It may seem like grant money is free money, and it is, but you may not be able to spend it however you want. Grants given by the federal government have very specific spending guidelines. For example, you generally can’t use government grants to:
- Start a business
- Pay off existing debts
- Fund operational expenses
If you’re looking for that, you’ll probably have to secure a loan or private grant instead. Some grants also require a commitment to technology or scientific research and development, which is really where the money is being spent.
There are two major programs for federal grants: the Small Business Innovation Research Program and the Small Business Technology Transfer Program. These are focused on research and development, meaning you’ll likely have to be researching and developing in a certain field to qualify.
The SBIR program focuses on innovation and technology that has commercial potential. Grants in this program are given by the Departments of Defense, Energy, Health and Human Services, Education, Commerce, Agriculture, Homeland Security and Transportation; the Environmental Protection Agency; NASA; and the National Science Foundation. Each agency has its own requirements, so you need to do your research before applying. For example, the Department of Agriculture may provide grant money to small businesses that create jobs in rural areas.
The SBTT program aims to give funding for research and development of existing technology, and small businesses have the opportunity to collaborate with research institutions as part of the program. Grants are given by the Departments of Defense, Energy and Health and Human Services; NASA; and the National Science Foundation. Again, federal agencies have their own requirements and guidelines. For example, the Department of Defense offers grants through the STTR program to companies looking to develop military technology.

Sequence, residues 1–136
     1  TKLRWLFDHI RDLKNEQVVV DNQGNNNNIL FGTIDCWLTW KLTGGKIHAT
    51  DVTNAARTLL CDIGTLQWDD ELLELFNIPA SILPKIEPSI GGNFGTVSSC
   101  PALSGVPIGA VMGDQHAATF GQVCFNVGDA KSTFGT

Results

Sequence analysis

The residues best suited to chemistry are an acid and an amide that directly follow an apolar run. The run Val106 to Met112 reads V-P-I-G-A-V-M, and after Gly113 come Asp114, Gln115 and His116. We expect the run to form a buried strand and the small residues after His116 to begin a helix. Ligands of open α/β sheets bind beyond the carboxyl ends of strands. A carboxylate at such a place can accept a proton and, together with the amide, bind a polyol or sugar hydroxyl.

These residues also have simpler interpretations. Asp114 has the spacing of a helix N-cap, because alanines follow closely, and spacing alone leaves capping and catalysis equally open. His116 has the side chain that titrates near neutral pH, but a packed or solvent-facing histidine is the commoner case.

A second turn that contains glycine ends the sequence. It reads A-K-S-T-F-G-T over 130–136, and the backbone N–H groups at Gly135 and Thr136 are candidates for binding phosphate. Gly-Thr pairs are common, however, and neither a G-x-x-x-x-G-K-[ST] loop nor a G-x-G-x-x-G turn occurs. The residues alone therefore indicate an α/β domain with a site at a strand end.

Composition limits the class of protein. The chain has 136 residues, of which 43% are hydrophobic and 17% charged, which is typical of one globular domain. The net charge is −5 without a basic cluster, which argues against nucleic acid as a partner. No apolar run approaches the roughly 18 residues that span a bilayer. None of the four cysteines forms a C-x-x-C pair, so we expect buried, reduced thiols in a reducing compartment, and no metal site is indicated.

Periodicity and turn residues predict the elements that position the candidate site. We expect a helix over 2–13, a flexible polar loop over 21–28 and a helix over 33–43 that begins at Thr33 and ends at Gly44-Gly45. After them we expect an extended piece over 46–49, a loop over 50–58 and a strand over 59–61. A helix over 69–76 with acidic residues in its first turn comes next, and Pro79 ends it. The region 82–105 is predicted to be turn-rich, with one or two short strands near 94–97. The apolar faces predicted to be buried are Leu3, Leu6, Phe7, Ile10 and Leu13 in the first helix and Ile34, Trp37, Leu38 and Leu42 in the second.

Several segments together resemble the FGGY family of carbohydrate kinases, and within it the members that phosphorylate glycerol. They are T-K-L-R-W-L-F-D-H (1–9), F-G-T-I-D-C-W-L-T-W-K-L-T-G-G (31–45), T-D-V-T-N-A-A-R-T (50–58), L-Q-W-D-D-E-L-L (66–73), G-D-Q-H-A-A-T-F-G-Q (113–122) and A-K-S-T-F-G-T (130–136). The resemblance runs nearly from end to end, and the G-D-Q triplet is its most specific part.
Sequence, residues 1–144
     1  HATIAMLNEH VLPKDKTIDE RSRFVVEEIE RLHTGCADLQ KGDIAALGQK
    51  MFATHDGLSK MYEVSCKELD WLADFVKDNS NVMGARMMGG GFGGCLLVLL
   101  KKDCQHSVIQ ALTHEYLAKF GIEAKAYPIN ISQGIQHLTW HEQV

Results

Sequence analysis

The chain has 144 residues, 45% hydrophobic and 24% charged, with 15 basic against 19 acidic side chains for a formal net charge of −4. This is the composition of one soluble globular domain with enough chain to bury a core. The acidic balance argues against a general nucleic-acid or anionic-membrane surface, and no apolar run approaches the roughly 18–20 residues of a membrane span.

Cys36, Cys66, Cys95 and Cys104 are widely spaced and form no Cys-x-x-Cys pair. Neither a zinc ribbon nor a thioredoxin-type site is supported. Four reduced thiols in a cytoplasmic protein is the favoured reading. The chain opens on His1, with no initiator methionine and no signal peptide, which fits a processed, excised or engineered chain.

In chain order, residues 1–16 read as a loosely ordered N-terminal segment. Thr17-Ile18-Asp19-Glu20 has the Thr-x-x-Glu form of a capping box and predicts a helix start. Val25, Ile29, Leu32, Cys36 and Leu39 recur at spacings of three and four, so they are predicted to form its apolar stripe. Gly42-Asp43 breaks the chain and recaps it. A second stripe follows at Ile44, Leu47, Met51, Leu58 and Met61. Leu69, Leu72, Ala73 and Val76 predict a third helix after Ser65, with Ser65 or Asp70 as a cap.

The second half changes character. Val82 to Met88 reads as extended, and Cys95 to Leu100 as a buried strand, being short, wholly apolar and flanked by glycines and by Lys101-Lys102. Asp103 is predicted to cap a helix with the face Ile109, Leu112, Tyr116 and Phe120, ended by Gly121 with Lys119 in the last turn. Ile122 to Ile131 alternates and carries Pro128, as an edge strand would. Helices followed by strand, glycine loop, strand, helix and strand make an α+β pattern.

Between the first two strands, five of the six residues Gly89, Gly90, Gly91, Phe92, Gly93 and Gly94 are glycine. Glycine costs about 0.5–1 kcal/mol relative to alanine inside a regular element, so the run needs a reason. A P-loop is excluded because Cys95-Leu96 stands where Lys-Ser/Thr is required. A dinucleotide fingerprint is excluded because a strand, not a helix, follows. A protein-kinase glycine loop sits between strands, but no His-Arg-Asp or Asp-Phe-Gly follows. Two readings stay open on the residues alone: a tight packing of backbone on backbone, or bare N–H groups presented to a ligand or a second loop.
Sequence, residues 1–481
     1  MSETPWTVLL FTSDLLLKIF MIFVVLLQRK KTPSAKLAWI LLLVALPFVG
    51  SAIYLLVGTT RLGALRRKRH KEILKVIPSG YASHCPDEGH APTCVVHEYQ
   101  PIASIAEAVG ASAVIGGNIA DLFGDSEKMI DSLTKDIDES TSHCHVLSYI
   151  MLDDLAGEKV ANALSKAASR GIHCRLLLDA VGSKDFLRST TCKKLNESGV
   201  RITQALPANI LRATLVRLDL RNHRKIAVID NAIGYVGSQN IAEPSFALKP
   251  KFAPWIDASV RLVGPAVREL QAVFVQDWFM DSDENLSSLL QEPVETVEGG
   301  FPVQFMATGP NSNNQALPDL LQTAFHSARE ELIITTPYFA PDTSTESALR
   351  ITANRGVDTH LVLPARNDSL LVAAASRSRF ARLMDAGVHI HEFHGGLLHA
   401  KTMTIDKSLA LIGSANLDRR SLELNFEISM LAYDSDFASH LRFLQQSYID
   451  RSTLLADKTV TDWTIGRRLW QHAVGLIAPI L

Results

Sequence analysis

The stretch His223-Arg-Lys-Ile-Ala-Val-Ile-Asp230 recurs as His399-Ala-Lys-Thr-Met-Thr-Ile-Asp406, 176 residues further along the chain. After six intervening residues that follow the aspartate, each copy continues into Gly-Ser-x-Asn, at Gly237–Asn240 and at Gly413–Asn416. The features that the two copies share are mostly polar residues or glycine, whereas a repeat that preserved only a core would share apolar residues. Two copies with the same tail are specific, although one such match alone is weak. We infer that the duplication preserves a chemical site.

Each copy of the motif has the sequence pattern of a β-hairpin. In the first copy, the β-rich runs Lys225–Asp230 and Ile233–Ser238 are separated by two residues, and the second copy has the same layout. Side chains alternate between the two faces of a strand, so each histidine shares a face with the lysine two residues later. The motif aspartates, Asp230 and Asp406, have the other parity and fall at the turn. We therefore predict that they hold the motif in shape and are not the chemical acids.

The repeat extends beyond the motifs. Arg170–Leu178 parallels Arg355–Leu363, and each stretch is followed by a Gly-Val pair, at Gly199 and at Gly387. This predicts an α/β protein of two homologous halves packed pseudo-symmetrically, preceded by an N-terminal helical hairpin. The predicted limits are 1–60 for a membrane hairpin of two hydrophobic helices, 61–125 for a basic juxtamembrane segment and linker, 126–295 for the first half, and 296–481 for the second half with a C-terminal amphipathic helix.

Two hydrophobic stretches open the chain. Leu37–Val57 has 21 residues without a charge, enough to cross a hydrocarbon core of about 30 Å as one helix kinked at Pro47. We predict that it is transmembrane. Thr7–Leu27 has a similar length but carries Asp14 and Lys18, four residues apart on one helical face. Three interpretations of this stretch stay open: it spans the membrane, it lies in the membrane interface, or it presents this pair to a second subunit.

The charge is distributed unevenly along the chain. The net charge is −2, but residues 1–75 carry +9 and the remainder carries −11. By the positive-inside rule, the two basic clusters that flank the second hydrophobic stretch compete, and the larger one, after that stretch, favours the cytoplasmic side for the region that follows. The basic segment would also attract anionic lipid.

You can apply for a government grant directly through Grants.gov, though privately distributed grants have their own application processes. Mostly, grant applications serve as a resume for your business. You may have to explain your business’s greater purpose or your business’s growth. In some cases, like with a FedEx small-business grant, the grant application requires a personalized video.
When you’re filling out a grant application, you’ll generally need the following information:
- Your Employer identification number
- The length of time you’ve been in business
- The size of your company (i.e., number of employees)
- Revenue figures
- An explanation of how you’ll use the grant money
- An explanation of why you deserve the grant money
- Social media handles
- A business plan
- Photos of yourself
Additionally, there are many freelance writers who specialize in grant-proposal writing. If you don’t feel comfortable filling out the application on your own, feel free to hire help.
Beyond federal grants, there are a number of popular private small-business grants. This includes:
- The Eileen Fisher Grant Program: Up to 10 women or women-owned businesses are awarded this grant, which exceeds $10,000 every single year. The focus of the grant varies from year to year, so check before applying. For example, in 2020, the program is looking for businesses with a social or environmental impact.
- The Amber Grant Program: This is a small-business grant for women. Each month, $500 is awarded to qualifying woman entrepreneurs who then compete for an annual $2,500 grant.
- FedEx Small Business Grant Contest: FedEx awards grants of $25,000 to existing small businesses. All you need to do is complete a video application and cross your fingers.
- National Association for the Self-Employed (NASE Growth Grants): This is for NASE members looking to expand their business through grants worth up to $4,000.
- The StreetShares Foundation Veteran Business Grant: This grant, which is worth up to $5,000, is awarded to veterans, active-duty members or spouses who are running or want to launch a small business.
Of course, these aren’t the only small-business grants out there. Do a comprehensive search and remember: Just because a grant is typically given to a nonprofit, that doesn’t mean it won’t be awarded to a small business that supports the organization’s overall mission.